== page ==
An individualized education program (IEP) is a legal document that outlines a customized learning plan for a student with a disability. It sets specific goals and includes any accommodations and services that will help the student reach those objectives.  

For autistic children an IEP may cover a range of support services. These might include speech and occupational therapy, adaptive physical education, social skills training, and specialized instructional strategies. The goal is to create an environment where the child can learn as effectively as possible. Given that autism manifests differently in every child, the specifics of the IEP will vary. 

A child is being assessed by a professional with his family.

Determining IEP Eligibility 

Eligibility for an IEP is determined by a multidisciplinary team. This usually includes the child's parents or caregivers, teachers, special education professionals, and sometimes medical professionals. The process starts with an evaluation to assess the child's needs, which is often requested by parents but can also be initiated by the school.  

In the U.S., federal laws such as the Individuals with Disabilities Education Act (IDEA) provide guidelines on who is eligible for an IEP. Autism is one of the thirteen categories of special education services under IDEA, making children with autism generally eligible for an IEP.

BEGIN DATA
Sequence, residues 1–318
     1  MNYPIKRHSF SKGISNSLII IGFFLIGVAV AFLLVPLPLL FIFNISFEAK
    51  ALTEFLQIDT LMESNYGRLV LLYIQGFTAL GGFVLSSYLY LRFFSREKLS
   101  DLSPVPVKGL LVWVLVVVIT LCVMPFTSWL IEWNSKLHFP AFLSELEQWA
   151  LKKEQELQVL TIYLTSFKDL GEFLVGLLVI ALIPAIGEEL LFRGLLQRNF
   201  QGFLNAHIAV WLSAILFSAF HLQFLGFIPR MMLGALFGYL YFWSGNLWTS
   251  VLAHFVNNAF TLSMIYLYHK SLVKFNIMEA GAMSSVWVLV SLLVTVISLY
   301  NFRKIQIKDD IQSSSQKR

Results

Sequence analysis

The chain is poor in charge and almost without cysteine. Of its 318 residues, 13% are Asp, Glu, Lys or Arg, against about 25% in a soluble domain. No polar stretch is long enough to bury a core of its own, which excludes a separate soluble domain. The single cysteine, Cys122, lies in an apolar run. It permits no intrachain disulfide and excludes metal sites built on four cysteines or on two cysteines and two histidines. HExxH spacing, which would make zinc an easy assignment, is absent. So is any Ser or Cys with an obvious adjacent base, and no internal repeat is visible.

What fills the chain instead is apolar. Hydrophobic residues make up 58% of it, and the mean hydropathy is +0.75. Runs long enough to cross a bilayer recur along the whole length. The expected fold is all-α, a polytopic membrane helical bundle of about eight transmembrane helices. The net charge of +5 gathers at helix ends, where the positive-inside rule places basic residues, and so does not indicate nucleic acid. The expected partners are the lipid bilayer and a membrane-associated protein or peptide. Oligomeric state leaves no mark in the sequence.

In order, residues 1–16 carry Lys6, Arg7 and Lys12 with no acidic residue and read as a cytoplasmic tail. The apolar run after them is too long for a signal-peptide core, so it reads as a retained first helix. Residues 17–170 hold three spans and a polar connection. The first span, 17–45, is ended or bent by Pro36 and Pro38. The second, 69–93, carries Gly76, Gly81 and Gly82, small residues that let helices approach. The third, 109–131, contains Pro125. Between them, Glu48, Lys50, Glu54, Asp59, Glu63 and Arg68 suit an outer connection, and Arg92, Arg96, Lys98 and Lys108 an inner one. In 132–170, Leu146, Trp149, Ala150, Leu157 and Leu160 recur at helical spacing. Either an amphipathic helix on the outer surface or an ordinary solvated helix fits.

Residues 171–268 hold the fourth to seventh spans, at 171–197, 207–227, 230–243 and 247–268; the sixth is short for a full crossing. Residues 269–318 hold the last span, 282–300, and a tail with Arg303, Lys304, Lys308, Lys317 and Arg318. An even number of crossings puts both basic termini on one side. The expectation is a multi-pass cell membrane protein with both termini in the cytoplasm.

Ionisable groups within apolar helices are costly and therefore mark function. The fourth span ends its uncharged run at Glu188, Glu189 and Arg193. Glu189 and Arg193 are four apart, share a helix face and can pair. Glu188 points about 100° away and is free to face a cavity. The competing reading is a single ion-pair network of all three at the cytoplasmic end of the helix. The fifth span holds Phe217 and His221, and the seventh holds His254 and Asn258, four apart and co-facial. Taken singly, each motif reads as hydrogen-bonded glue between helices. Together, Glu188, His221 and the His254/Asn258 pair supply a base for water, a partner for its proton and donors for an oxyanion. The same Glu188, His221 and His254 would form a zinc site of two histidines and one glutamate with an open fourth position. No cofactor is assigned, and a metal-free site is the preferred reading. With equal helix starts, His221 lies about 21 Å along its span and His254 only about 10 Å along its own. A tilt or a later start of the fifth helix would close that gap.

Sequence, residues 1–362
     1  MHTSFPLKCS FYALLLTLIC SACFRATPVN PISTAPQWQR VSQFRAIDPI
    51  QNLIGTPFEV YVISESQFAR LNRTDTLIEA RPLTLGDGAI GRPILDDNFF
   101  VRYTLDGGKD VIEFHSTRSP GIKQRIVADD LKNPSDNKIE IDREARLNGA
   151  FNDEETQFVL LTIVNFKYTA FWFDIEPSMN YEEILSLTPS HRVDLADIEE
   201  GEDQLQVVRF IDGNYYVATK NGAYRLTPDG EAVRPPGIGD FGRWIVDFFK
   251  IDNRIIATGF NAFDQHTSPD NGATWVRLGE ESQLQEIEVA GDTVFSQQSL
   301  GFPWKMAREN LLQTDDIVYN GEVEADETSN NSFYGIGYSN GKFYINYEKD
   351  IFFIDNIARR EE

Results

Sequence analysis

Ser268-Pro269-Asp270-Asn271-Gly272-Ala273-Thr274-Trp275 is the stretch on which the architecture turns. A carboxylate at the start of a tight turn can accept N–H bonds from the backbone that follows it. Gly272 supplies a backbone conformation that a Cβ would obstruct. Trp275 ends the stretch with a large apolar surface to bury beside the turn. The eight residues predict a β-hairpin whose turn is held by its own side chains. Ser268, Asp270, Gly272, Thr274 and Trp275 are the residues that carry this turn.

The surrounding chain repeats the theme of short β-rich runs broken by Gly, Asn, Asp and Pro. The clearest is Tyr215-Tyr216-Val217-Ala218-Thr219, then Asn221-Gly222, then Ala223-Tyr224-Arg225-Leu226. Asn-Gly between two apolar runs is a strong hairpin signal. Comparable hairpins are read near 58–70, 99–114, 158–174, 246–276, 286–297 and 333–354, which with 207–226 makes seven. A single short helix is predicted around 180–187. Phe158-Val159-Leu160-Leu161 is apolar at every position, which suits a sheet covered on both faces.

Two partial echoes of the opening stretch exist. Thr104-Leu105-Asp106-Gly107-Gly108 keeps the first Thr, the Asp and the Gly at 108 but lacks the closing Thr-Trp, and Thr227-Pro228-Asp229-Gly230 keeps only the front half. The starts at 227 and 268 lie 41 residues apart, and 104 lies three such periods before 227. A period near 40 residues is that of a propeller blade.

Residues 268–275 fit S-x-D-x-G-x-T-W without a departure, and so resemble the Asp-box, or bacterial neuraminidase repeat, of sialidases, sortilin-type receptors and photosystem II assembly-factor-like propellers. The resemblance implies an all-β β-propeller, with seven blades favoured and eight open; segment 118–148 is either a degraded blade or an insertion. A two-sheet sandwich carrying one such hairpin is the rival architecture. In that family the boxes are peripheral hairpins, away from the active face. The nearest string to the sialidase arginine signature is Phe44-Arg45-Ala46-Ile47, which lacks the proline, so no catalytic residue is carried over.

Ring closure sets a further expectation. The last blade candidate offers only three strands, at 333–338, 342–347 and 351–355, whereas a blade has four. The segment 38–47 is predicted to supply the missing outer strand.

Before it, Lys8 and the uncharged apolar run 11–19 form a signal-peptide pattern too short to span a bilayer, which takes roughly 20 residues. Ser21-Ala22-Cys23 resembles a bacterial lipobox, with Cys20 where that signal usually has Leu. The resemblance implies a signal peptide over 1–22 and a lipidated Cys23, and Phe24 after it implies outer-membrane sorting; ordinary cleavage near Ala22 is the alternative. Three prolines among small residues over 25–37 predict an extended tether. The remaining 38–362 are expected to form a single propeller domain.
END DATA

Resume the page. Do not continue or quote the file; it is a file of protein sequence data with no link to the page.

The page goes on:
The IEP Creation Process 

Although the specifics may vary, the IEP process usually includes steps similar to the following: 

1. Referral for evaluation: Either a caregiver or a school professional can initiate the process by referring the child for evaluation

2. Caregiver consent: Before evaluation, caregivers must give their consent in writing. 

3. Evaluation: The child is assessed by a team of professionals to determine their specific educational needs. 

4. Eligibility meeting: The team meets to review the evaluation results and determine eligibility for an IEP. 

5. IEP meeting: If eligible, an initial IEP meeting is scheduled. The team collaborates to draft the IEP document, outlining goals, services, and accommodations. 

6. Implementation: Once the IEP is finalized, the services and accommodations are put into action. 

7. Review and Revision: IEPs are reviewed annually, or more frequently if needed, to update goals and services. 

Questions Caregivers Should Ask at an IEP Meeting 

In order to ensure that the IEP provides beneficial outcomes for their child, caregivers may wish to ask questions including the following: 

1. What are the specific goals for my child, and how were they chosen? 

2. What accommodations and services will be provided? 

3. How will my child's progress be measured and reported to me? 

4. Who will be responsible for implementing each part of the IEP? 

5. How will the IEP be integrated into the regular education setting? 

6. What happens if we feel the IEP isn't effective? What is the process for making adjustments? 

7. How will my child's social and emotional needs be addressed?